How to Live the Balanced Homeschool Life

Living a balanced life + homeschooling = Oxymoron?

Lots of juggling. With lots of interruptions. And lots of skirmishes.

So how to live a balanced homeschool life?

Too busy, they say. (Hard to argue.)

Not a lot of hours in the day unaccounted for. (Definitely true.)

A generous share of the time is devoted to kids’ struggles, complaints, and arguments.

And a generous share of the time devoted to…
Oh, and laundry, dishes, sweeping floors, sanitizing bathrooms, making food, I could go on (but you already know that).

Aspirations to get out of sweat pants and t-shirts before an afternoon trip to extracurriculars, but first, shift laundry from washer to dryer again, and LOOK for more dishes.

Aspiring toward balance is a challenge.

  • What’s the perfect balance between activity and rest?
  • A balance between focus and interruption.
  • The balance between my needs and my children’s needs.
  • The balance between noise and quiet.
  • A balance between tackling the present activity or planning for the next day.

woman walking on fence: balanced homeschool life

What principles help us work toward a balanced homeschool life?

1. Intentionally include mama.

Include the stuff that mama likes to do that is separate from the kids. Also, include the stuff you discover you’re interested in when you’re learning with the kids.

You are on a lifelong learning journey too. So keep your world interesting. The longer you homeschool, the more you identify your own curiosities and interests.

Pursue your as well as your kids’ interests.

I like to include many snippets of reading and writing time in my day. I like to walk outside, sometimes do yoga, pilates, and meditate.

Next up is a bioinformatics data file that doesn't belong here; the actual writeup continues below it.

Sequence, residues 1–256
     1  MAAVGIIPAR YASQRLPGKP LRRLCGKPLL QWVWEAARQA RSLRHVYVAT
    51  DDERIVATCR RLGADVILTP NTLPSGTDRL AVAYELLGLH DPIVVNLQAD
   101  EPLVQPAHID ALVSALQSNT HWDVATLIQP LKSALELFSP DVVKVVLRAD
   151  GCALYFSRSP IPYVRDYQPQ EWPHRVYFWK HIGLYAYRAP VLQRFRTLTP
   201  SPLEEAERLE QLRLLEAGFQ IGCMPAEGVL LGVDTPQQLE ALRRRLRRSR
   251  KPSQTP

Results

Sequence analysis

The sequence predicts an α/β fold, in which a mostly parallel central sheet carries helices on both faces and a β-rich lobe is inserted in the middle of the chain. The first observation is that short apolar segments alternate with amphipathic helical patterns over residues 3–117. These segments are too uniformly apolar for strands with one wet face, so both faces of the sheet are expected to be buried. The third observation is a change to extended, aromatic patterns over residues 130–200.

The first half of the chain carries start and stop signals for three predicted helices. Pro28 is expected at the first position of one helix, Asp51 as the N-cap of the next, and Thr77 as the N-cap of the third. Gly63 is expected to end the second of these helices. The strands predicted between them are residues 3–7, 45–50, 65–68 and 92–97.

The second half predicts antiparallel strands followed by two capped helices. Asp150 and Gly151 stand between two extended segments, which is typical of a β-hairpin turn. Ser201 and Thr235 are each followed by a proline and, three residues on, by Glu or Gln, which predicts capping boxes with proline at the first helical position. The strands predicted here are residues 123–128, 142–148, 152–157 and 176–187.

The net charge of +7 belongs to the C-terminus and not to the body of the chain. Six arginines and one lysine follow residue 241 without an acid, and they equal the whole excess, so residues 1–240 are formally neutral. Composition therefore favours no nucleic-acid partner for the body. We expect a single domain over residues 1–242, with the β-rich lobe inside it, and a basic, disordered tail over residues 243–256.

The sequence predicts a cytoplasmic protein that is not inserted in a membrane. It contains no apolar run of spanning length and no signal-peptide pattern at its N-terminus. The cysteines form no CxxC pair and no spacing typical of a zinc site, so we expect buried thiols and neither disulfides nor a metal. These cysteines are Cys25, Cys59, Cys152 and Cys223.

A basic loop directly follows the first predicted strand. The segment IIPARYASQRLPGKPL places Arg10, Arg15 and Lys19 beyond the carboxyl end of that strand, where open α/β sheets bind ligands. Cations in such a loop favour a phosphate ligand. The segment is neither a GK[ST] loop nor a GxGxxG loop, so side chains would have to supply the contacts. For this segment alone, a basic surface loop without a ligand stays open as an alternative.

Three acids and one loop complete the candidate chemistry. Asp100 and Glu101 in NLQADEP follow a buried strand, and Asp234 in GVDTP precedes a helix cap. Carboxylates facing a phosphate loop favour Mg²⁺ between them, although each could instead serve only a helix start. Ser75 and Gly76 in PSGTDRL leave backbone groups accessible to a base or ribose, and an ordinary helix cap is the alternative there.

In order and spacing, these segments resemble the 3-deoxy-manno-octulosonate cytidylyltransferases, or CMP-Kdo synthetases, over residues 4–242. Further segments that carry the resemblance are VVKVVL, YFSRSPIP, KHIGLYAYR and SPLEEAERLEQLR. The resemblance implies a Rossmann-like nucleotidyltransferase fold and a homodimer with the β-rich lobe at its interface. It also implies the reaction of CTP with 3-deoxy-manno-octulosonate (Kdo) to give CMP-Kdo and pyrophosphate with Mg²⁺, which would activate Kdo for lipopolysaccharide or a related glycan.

If you could fit in a few fifteen-minute snippets, what would you like to do?

2. Purposefully include activities with the kids.

If you’re feeling like your kids always want your attention, I’m going to tell you a secret: they grow up.

  • They will not always want your attention.
  • They will want to hole themselves into their rooms for a solid four years, if not more.
  • You will have time to yourself.
3. I’ll tell you the secret to getting time to do your stuff when they’re younger: give them eye-to-eye, fully engaged attention, for as long as it takes to satisfy their little hearts.

Then they’ll wander away to play Lego or Barbies by themselves, they’ll want to go outside to play on the trampoline, or to their room to read.

I’ll tell you the secret of getting time to do your stuff when they’re really young: there isn’t a secret. Unless someone is coming to look after those little ones, I got nothing for you.

Expect toilet assistants.

4. Start on the non-negotiable.

If you just have to get something done, do it first, or do it before the kids are awake, or park them in front of Curiosity Stream.

Do whatever it takes.

5. Be present.

Somehow the mere act of being present in the moment, whether you’re in the grocery store line or playing another round of Uno with the kids, makes you feel more satisfied in your life.

Practice presence.

6. Determine what wellness support you need to augment your experience of happy in your life.

Do you need someone to walk alongside you to offer regular conversations to help you clarify what’s most important? You’re invited to consider coaching with me: book a conversation with me here.

7. Do a people audit.

Not everyone was meant to be part of your life. Just because someone wants your time or attention doesn’t mean you should include them.

Hard words right there.

However, we know it to be true. So consider doing a people audit. Who do you WANT in your life?

8. Do a time audit.

How are you using your time and are you using your time as you’d like?

Consider doing a time audit to learn where you’re using time in ways you don’t want to use it.

9. Do a priority audit.

10. Don’t multitask.

The research is in! Multitasking doesn’t get you doing more, but it does get you feeling like what you’re doing is unsatisfying and scattered.

There is a myth of multitasking.

As much as possible, try not to practice multitasking.

Oh, I know you will, because kids will demand you turn to look at them or respond to them when you’re in the middle of something else; however, if you are able, try not to multitask.

11. Do exercise.

12. Work on your relationships.

13. Create space for your emotions.

14. Create spiritual practices.

Feeling connected to something bigger than you will help you feel

Keep working toward balance in your day-to-day.

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Teresa Wiedrick

I help homeschool mamas shed what’s not working in their homeschool & life, so they can show up authentically, purposefully, and confidently in their homeschool & life.